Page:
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5 Responses for When People Don’t Take Your Asthma Seriously

Two friends sitting on couch, one looking unconvinced by what the other is saying.
Getty Images / Milkos

From well-meaning but misinformed advice to tactlessness, Kerri shares a few ways she responds to others' comments about her asthma.

When you tell people you have asthma, some will respond with more tact than others. Although they may mean well, a lot of people just aren’t familiar with the condition and may not know the right things to say.

It’s helpful to have a few responses ready in case someone makes a misinformed or insensitive comment about your condition. It may be tempting to reply to unfavorable remarks with sarcasm or attitude, but it won’t do you any favors. The more you’re able to educate those around you, the less often you’ll hear those disparaging comments.

Here are some common things people say about asthma, and ways you can respond.

1. “Well, I heard on TV that asthma is just in your head. Positive thinking will help. Just don’t think about your breathing so much!”

Response: Actually, asthma is a disease in my lungs, not my head. It can be triggered by stress, but when my symptoms flare-up, I can’t just will them to go away. I wish I could though!

2. “Oh yeah, my friend had asthma. She cured herself with yoga and eating well. You should try that!”

Response: Wow, that’s awesome that yoga worked for your friend! The thing is though, asthma is a medical condition that requires real treatment. There’s no known cure, so to control my symptoms I have to stick with the treatment plan my doctor has given me.

3. “Well, you’ll grow out of it, right?”

Response: With asthma, there are periods of symptom remission, and some people who had asthma as kids may not experience symptoms in adulthood – but that’s not the case for everyone. That’s why it’s so important to follow your doctor’s direction and have an emergency plan in place. You never know when you’ll have an asthma attack!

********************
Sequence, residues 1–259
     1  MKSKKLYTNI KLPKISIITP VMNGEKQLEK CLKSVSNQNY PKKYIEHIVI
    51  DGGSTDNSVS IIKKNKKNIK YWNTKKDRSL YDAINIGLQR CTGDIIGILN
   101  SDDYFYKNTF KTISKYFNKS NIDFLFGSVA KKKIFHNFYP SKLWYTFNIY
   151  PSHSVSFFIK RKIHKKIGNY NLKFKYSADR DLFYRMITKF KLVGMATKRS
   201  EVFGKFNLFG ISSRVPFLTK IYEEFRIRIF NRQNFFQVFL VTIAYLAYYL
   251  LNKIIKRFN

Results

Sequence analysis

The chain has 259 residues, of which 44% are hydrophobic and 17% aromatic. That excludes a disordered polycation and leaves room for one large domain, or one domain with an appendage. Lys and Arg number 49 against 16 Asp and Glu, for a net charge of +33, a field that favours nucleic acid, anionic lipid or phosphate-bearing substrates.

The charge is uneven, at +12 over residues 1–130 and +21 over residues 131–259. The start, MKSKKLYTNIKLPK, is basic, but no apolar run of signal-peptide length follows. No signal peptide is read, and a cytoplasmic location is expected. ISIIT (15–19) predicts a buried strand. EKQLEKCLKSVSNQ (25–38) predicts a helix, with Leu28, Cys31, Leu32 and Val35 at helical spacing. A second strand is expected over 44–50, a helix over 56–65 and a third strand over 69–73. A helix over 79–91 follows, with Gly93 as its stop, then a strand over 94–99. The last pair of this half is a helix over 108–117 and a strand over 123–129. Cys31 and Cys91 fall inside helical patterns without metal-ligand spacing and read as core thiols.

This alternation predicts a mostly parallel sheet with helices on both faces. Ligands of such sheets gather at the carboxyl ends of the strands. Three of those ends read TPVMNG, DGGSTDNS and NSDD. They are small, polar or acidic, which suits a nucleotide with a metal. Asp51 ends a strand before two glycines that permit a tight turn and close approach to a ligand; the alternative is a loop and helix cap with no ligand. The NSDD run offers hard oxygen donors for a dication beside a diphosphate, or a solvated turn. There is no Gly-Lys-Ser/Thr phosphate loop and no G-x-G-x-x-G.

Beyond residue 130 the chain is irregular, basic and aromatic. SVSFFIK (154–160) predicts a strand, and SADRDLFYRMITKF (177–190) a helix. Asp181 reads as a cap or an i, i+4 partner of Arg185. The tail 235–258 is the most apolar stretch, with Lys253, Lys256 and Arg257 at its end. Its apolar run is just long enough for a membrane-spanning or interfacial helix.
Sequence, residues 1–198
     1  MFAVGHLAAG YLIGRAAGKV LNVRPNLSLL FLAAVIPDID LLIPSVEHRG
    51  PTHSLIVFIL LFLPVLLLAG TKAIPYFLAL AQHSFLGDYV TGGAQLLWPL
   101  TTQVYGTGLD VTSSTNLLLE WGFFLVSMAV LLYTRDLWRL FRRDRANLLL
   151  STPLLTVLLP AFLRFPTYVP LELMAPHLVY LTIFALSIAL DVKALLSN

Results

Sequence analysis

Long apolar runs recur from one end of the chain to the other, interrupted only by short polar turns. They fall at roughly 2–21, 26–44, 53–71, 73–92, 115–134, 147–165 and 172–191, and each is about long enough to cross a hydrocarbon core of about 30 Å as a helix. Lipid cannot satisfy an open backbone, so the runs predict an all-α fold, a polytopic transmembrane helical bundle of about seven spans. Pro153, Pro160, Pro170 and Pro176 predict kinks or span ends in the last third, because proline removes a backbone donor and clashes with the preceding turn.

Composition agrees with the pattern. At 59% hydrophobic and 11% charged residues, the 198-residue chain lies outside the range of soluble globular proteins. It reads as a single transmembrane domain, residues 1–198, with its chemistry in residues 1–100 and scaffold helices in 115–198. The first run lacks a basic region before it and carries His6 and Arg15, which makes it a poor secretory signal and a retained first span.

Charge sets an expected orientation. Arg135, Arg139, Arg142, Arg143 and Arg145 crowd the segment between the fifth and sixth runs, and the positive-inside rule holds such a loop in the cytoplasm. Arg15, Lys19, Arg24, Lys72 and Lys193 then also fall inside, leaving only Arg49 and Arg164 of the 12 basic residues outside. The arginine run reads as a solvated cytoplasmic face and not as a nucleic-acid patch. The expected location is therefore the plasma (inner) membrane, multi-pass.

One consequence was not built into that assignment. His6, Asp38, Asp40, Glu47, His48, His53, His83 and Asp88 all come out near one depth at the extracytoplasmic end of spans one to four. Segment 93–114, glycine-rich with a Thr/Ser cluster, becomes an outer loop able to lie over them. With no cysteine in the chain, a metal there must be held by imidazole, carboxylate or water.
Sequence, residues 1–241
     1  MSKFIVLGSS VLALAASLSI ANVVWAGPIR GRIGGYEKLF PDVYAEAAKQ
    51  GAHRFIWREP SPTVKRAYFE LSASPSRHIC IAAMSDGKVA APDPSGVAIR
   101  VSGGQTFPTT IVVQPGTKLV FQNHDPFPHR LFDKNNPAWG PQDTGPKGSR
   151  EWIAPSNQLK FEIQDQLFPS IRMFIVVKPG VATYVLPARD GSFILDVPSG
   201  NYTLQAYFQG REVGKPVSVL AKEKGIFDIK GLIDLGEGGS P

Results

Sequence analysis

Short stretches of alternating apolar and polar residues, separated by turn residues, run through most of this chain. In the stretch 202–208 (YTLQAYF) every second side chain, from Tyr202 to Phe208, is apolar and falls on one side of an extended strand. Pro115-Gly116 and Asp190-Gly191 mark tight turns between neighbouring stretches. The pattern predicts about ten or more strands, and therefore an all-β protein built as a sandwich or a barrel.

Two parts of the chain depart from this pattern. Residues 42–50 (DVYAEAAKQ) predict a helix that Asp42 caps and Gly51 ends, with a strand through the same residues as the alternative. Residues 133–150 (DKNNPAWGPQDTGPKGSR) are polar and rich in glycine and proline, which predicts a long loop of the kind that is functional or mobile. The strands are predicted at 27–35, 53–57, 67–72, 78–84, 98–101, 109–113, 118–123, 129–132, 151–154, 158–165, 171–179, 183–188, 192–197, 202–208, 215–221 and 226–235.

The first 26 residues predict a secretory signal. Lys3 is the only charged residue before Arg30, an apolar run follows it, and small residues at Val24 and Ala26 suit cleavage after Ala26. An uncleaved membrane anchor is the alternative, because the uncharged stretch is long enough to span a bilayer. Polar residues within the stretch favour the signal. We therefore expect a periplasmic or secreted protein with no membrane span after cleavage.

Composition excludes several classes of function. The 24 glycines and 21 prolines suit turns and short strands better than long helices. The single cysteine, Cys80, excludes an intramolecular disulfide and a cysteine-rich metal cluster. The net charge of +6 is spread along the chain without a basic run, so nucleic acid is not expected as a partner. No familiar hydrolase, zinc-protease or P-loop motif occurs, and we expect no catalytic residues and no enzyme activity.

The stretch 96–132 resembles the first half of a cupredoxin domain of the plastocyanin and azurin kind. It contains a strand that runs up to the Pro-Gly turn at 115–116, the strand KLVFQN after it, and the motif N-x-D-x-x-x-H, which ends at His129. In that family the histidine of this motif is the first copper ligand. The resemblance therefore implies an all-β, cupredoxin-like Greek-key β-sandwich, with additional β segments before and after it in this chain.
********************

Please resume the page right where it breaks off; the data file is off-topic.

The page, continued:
4. “I know your asthma is triggered by fragrances. I hope this hand cream I’m about to put on doesn’t bother you!”

Response: Actually, it could really affect my breathing if you open that lotion right now. Can it wait until after our meeting? I know dry skin can be painful, so if you need to lotion now, we can also reschedule for another time. Or, you can use some of the unscented lotion I keep in my desk!

5. “Oh, it’s just asthma. It can’t be that bad.”

OK, it’s worth mentioning how frustrating a comment like this is. Asthma is often perceived by others as being a minor condition. You have probably gotten heated in the past when someone has hinted that your asthma is no big deal. It’s a huge deal. And, it can be life-threatening if it’s not treated correctly.

Response: Actually, an asthma attack can be really severe. If I don't stay on top of my treatment, or if I’m not always prepared for an attack, I might be rushed off to a hospital.


When someone isn’t familiar with asthma, the best thing you can do is educate them about it. Doing so is an easy and conducive way to advocate for yourself. You may want to scoff at them or be defensive, but the more you’re able to keep a friendly tone and provide them with helpful information, the more likely they’ll be receptive to you. You hold the key to help raise awareness about asthma.

The information presented is solely for educational purposes, not as specific advice for managing physical or mental disabilities. Please consult a professional who can apply best practices and appropriate resources to your situation.

The individual(s) who have written and created the content in and whose images appear in this article have been paid by Teva Pharmaceuticals for their contributions. This content represents the opinions of the contributor and does not necessarily reflect those of Teva Pharmaceuticals. Similarly, Teva Pharmaceuticals does not review, control, influence or endorse any content related to the contributor's websites or social media networks. This content is intended for informational and educational purposes and should not be considered medical advice or recommendations. Consult a qualified medical professional for diagnosis and before beginning or changing any treatment regimen. 

NPS-ALL-NP-00853 FEB 2023

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